Prothrombin Time (PT) w/INR and Partial Thromboplastin Time (PTT) Blood Test
The Prothrombin Time (PT) w/ INR and Partial Thromboplastin Time (PTT) Blood Test helps detect and diagnose a bleeding or excessive clotting disorder.
What is the purpose of this test?
Order this Prothrombin Time (PT) w/ INR and Partial Thromboplastin Time (PTT) Blood Test, which helps detect and diagnose a bleeding or excessive clotting disorder. The Prothrombin Time (PT) test assesses an individual's blood clotting ability. The results of the PT are used to calculate the international normalized ratio (INR), which is particularly important for monitoring individuals taking the blood-thinning medication warfarin (Coumadin®).
The PT measures the time a clot takes to form in a blood sample after reagents are added. It is often accompanied by partial thromboplastin time (PTT), and together, they evaluate the quantity and function of coagulation factors that are crucial to proper blood clot formation.
When an injury occurs, the body initiates the clotting process called hemostasis. This involves a series of sequential chemical reactions known as the coagulation cascade, where clotting factors activate in a specific order, resulting in clot formation. Normal clotting requires sufficient and correctly functioning coagulation factors. Insufficient factors may lead to excessive bleeding, while excessive factors can cause excessive clotting.
During a laboratory test, two pathways initiate clotting - the extrinsic and intrinsic pathways. These merge into a common path to complete the clotting process. The PT test evaluates how well all coagulation factors in the extrinsic and common pathways work together.
The PT w/ INR is conducted alongside a PTT, which evaluates clotting factors in the intrinsic and common pathways. These include factors XII, XI, IX, VIII, X, V, II (prothrombin), and I (fibrinogen), as well as prekallikrein (PK) and high molecular weight kininogen (HK).
What do the PT w/INR and PTT results indicate?
The PT and PTT evaluate the ability to produce a clot within a reasonable time. The test results will be prolonged if any of these factors are deficient or not functioning correctly. The normal range for PT values in healthy individuals varies as the reagents used to perform the PT test differ from one lab to another. A general interpretation of PT & PTT Blood Test results can be summarized as follows:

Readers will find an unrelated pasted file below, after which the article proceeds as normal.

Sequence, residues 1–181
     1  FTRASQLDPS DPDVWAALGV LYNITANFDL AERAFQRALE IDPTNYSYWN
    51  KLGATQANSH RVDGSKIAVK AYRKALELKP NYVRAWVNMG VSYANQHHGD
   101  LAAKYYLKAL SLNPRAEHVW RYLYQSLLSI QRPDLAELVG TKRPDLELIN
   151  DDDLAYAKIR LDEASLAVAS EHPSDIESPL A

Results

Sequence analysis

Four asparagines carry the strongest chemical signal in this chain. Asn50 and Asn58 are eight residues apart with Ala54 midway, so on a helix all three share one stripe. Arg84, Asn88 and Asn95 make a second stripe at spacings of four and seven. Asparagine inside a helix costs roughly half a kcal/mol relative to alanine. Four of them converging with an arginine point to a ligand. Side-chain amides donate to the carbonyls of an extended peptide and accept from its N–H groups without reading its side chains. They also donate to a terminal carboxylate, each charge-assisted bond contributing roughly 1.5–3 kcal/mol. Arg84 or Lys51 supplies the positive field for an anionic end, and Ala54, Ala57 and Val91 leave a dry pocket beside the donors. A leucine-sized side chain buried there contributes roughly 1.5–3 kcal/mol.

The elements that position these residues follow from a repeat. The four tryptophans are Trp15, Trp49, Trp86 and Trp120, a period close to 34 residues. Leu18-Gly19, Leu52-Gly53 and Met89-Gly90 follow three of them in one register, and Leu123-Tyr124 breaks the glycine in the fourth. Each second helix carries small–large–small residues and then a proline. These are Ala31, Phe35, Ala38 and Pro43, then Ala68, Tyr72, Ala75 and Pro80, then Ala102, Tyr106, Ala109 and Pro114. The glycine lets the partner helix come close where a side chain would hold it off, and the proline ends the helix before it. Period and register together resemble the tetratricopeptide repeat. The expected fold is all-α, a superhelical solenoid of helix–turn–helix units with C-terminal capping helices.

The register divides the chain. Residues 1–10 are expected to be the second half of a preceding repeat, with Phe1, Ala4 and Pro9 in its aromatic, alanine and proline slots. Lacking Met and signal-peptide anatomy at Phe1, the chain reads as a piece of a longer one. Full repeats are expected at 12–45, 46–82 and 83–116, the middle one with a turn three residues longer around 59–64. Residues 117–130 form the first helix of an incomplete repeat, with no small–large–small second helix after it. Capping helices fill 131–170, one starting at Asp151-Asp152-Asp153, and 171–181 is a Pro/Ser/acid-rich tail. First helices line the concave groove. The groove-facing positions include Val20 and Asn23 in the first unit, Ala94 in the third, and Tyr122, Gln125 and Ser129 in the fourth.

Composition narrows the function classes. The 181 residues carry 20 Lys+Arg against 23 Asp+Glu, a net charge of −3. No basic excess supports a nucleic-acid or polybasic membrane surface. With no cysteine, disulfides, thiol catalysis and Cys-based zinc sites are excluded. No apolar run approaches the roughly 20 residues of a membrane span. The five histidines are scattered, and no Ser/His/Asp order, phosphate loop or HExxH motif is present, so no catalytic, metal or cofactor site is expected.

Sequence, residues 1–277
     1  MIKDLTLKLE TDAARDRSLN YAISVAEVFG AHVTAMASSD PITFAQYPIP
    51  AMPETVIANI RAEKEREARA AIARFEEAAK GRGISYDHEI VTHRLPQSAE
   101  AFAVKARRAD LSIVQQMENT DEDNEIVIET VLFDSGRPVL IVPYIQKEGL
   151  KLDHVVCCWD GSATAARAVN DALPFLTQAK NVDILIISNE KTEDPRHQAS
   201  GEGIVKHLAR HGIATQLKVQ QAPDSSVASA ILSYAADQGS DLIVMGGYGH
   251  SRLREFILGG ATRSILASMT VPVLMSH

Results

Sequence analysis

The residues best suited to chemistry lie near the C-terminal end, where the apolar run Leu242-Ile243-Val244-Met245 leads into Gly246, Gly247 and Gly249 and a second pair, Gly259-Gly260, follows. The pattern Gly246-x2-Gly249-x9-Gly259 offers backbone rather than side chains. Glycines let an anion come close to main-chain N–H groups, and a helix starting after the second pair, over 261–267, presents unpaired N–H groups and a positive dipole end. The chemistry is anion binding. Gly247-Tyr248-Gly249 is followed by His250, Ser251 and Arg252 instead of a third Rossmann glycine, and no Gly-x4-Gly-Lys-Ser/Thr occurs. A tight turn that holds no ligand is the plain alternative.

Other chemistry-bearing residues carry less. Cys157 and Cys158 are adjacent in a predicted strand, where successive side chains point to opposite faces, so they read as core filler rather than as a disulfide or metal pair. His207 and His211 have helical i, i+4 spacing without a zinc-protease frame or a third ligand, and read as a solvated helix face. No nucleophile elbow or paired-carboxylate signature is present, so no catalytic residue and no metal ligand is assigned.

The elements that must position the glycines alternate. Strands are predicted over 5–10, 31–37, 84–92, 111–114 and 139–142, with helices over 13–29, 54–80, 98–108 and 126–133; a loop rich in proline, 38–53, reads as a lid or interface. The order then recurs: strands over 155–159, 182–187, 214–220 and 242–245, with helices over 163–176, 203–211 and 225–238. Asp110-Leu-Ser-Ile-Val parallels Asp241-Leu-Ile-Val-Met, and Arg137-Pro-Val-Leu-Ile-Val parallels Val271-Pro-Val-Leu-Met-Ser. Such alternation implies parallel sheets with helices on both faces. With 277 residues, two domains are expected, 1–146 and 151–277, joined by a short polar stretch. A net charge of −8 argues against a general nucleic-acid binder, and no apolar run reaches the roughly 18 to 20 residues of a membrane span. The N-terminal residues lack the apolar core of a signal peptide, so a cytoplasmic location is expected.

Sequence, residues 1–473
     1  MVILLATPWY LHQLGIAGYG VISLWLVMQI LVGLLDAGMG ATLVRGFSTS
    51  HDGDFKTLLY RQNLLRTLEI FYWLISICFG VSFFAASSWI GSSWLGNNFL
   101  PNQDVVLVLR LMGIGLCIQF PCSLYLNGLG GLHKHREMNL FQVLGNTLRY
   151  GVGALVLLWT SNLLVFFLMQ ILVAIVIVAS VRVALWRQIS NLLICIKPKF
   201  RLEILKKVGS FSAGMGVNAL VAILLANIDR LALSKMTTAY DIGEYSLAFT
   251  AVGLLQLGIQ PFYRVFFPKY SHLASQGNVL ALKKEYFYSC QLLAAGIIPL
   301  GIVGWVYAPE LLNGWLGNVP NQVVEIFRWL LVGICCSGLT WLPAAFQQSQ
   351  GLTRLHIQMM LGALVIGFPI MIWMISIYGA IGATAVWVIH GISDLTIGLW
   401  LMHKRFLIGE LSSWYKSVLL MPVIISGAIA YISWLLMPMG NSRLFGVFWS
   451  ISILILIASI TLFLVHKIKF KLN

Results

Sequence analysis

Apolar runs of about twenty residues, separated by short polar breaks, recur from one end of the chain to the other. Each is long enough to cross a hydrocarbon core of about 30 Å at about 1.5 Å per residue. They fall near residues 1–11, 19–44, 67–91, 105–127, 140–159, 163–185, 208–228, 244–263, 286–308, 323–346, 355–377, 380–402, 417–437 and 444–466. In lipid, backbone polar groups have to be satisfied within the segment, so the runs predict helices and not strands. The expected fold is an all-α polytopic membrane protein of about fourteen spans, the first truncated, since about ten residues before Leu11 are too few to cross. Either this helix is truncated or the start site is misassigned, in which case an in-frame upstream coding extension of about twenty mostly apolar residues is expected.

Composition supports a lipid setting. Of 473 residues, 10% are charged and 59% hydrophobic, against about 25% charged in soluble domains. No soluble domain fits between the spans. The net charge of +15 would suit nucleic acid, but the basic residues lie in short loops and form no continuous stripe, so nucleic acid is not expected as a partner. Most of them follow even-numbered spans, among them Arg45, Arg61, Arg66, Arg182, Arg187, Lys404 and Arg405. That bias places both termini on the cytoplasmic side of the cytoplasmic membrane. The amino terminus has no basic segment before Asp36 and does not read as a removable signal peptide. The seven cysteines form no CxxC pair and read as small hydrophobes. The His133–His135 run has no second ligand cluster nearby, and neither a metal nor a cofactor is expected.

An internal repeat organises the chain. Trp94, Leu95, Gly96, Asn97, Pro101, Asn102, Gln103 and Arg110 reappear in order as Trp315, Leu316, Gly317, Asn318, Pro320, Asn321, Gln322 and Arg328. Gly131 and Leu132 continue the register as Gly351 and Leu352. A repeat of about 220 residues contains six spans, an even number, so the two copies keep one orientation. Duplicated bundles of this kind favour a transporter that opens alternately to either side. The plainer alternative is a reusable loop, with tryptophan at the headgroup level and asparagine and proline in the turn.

- PT prolonged, PTT prolonged: Dysfunctional or insufficient coagulation factor I, II, V, or X; acute disseminated intravascular coagulation (DIC) (abnormal activation of coagulation factors); severe liver disease.
- PT prolonged, PTT normal: Dysfunctional or insufficient coagulation factor VII, chronic low-grade DIC, insufficient vitamin K, liver disease, warfarin (anticoagulant) therapy.
- PT normal, PTT prolonged: Dysfunctional or insufficient coagulation factor VIII, IX, or XI; severe von Willebrand disease (hereditary bleeding disorder); lupus anticoagulant.
- PT normal, PTT normal or slightly prolonged: Normal clotting ability, mild deficiencies in other coagulation factors, a mild form of von Willebrand disease.
To standardize results across different laboratories in the U.S. and the world, a World Health Organization (WHO) committee recommends the use of the Internationalized Normalized Ratio (INR), calculated based on the PT test result, for people taking the blood-thinning medication warfarin (Coumadin®). Warfarin is prescribed for people with conditions such as deep vein thrombosis (DVT) and some cardiovascular diseases (CVD) like atrial fibrillation to prevent inappropriate clotting.
The INR adjusts for changes in PT reagents and enables results from different laboratories to be compared. Most laboratories report PT and INR values whenever a PT test is performed. However, the INR is only relevant for individuals taking the blood-thinning medication warfarin.
When should I order a Prothrombin Time (PT) w/ INR and Partial Thromboplastin Time (PTT) Blood Test?
Individuals may order this test if they have experienced symptoms related to a bleeding or excessive clotting disorder. These bleeding disorders include:
- Heavy menstrual periods
- Blood in the stool or urine
- Bleeding gums
This test is sometimes ordered for patients before surgery to ensure normal clotting ability.
See also Walk-In Lab’s PT/INR Blood Test.
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